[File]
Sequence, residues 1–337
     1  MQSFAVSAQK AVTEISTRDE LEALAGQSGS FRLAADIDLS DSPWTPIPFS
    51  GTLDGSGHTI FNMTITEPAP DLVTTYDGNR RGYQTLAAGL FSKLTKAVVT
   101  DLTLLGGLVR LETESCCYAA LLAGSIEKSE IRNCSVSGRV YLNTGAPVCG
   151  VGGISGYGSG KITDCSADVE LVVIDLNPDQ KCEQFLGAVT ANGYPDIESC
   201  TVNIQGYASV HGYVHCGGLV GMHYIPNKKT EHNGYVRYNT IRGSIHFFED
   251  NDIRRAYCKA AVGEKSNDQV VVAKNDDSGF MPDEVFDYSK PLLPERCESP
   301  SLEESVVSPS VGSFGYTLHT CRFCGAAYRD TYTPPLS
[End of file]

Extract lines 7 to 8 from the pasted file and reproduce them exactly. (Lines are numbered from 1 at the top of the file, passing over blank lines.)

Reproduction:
   251  NDIRRAYCKA AVGEKSNDQV VVAKNDDSGF MPDEVFDYSK PLLPERCESP
   301  SLEESVVSPS VGSFGYTLHT CRFCGAAYRD TYTPPLS